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Friday, December 06, 2019

‘Bold female characters shouldn’t be apologetic’

In films such as Dedh Ishqiya and Gulaab Gang,Madhuri Dixit-Nene plays roles that she couldn’t in her Bollywood heyday.

Written by Dipti Nagpaul D'souza | Published: December 19, 2013 5:27:51 am

You were the biggest female star of Bollywood in the ’80s and ’90s. Why then did you choose small-budget ensemble films,Dedh Ishqiya and Gulaab Gang,as comeback vehicles?

When I was acting during that period,the nature of films was such that they were mostly formulaic masala entertainers. The characters would be in black-and-white with little resemblance to real life. I didn’t have much choice in terms of characters but I tried to choose roles as different and as strong. I remember being advised against doing Parinda and Mrityudand,being told these were too arty and wouldn’t go in favour of my image.

How often did such roles come by in those days?

Not very often. Mostly I was expected to look like a pretty doll. However,movies such as Tezaab and Beta were the content-driven commercial films of that time. I am glad that the industry has changed since then. Films such as Dedh Ishqiya and Gulaab Gang have given me the opportunity to make up for lost time. I like that the characters written for women don’t offer an apology if she is bold or ambitious — there is no sick mother or brother at home which explains the heroine’s independent streak in a man’s world.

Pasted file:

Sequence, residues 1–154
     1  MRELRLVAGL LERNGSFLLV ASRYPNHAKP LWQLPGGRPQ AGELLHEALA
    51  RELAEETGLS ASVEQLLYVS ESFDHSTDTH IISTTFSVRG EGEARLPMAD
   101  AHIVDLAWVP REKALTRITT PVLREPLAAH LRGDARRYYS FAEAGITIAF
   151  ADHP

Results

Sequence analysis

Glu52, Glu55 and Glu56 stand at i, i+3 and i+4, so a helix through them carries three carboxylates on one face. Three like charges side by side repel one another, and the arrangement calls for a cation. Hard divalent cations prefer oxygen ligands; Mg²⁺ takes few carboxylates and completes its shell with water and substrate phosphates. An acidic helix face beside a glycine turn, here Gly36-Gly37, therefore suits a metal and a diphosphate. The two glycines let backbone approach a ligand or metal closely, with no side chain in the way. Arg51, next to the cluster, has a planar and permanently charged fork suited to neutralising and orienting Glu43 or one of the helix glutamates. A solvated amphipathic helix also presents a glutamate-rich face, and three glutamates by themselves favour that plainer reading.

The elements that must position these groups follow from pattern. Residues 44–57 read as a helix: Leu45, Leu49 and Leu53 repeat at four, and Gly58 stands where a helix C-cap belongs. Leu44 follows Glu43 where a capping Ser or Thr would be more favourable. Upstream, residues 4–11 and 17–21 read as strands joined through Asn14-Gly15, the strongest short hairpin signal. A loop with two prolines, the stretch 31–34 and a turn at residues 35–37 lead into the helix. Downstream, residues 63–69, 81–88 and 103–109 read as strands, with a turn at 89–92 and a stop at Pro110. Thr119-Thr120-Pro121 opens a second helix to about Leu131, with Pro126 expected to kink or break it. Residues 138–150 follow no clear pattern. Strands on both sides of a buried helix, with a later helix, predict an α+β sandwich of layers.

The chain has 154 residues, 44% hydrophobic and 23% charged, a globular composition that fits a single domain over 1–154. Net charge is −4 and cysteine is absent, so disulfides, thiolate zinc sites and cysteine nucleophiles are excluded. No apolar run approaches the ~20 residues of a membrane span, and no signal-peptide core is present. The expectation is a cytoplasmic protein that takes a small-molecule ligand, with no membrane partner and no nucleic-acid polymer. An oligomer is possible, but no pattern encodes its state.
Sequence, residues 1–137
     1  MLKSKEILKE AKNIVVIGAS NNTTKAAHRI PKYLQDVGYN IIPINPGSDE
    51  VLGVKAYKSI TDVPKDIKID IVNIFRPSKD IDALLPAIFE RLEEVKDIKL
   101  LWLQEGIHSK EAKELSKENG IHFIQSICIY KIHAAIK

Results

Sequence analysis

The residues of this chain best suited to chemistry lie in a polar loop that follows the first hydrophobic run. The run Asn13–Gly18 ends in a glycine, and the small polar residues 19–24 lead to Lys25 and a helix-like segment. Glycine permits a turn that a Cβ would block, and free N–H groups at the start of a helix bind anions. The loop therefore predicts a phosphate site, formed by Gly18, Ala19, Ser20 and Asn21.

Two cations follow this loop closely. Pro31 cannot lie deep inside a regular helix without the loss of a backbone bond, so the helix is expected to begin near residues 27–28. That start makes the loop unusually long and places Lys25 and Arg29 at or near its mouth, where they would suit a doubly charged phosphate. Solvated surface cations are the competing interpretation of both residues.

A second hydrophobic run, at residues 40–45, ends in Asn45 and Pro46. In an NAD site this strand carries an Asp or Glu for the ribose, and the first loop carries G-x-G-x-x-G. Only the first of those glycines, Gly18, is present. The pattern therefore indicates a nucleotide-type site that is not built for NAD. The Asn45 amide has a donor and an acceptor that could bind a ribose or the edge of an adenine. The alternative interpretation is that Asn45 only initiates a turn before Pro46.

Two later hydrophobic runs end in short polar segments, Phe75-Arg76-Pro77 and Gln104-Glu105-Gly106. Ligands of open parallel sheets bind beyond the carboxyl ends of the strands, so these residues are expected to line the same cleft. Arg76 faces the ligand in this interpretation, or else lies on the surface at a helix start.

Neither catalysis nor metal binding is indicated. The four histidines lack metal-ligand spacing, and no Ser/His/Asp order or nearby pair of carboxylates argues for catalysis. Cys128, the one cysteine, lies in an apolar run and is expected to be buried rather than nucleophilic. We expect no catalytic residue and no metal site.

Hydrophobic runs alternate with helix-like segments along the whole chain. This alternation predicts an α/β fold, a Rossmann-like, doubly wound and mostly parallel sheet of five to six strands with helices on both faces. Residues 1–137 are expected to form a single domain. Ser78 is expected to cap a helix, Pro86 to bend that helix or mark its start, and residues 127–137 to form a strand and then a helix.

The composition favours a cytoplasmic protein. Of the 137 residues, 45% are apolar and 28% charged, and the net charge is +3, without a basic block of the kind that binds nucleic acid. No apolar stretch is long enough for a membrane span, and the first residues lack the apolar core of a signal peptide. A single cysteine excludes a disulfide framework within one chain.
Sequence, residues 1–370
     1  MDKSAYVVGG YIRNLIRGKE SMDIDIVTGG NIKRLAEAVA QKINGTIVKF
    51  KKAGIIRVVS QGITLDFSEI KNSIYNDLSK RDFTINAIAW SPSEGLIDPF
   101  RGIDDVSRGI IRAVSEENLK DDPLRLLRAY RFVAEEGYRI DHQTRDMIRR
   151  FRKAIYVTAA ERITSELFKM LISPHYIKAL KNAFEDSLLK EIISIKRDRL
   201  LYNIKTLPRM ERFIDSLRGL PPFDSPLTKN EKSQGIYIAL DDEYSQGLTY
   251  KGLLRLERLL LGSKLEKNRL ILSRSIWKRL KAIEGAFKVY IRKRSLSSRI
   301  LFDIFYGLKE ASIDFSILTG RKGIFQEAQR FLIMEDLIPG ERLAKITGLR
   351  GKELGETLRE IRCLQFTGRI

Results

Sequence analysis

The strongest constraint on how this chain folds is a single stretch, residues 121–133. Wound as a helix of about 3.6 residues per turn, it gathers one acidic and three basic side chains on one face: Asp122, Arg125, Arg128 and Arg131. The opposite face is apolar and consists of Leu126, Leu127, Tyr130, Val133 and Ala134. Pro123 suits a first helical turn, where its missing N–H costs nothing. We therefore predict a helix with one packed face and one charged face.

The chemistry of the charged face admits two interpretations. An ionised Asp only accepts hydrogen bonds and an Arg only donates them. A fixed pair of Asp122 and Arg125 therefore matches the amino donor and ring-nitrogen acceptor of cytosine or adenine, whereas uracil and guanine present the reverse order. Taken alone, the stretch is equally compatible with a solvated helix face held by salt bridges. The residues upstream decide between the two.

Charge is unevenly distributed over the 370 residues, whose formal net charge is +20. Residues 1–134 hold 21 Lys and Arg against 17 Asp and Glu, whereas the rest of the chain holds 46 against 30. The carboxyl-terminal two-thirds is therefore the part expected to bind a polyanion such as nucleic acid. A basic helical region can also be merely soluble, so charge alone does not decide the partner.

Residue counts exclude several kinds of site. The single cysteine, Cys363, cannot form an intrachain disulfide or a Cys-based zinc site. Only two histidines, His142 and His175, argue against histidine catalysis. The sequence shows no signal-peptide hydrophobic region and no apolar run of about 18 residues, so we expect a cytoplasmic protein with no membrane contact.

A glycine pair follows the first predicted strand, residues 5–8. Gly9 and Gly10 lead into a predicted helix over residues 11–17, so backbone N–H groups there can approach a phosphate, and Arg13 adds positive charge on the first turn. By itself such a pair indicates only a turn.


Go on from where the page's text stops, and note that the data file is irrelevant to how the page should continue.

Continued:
Is that what made you want to come back?

It’s only part of the reason. With my parents spending a large part of the year with us in Denver,I felt I was uprooting them. Also,had I waited any longer,my children would have been too old to adjust to a new place. I did expect my older son,Arin,to feel displaced for the first few months but he likes the informality of India. He likes the fact that friends can meet anytime as opposed to fixing playdates beforehand. What they miss is the space and the outdoors. In Denver,they would go skiing; here they have to make do with tennis and squash.

How much of your life as a famous actor did you miss there?

I had a private life in Denver,which I needed after I got married. The first few years there after my children were born were precious — I could take them to the park whenever I wanted,go grocery shopping and so on. It’s been a big part of my own dream for myself because I always wanted a home and children.

There was speculation that you didn’t want to play an older woman or supporting cast.

One can’t be snobbish but at this time when the industry is making such good films,one wants a role that will be etched out well. There were roles that I liked earlier,but at times the scripts were not good enough so I decided to wait till I got a good role. I had watched Ishqiya and loved how Vidya Balan’s character is cunning and unapologetic about her sexuality. So when Abhishek Chaubey (director) offered me the role of Begum Para,I took it up knowing it would be equally quirky.

Is Begum Para as cunning as Balan’s Krishna?

I play the begum of Mehmoodabad in Lucknow whose husband,before dying,told her that if she remarries,it should be to a poet. She has been hosting a swayamvar for two years but without success. It’s at the third swayamvar that she meets Khalu jaan (Naseeruddin Shah) and Babban (Arshad Warsi). But more than love,she is in search of happiness and will do anything for it.

There were quite a few steamy scenes in Ishqiya.

There can be very little comparison between Begum Para and Krishna because they belong to different milieus. That said,Vidya’s portrayal in Ishqiya was bold but the scenes were treated very well. At this moment,I can only say I didn’t hesitate to do any scene that was written for me.

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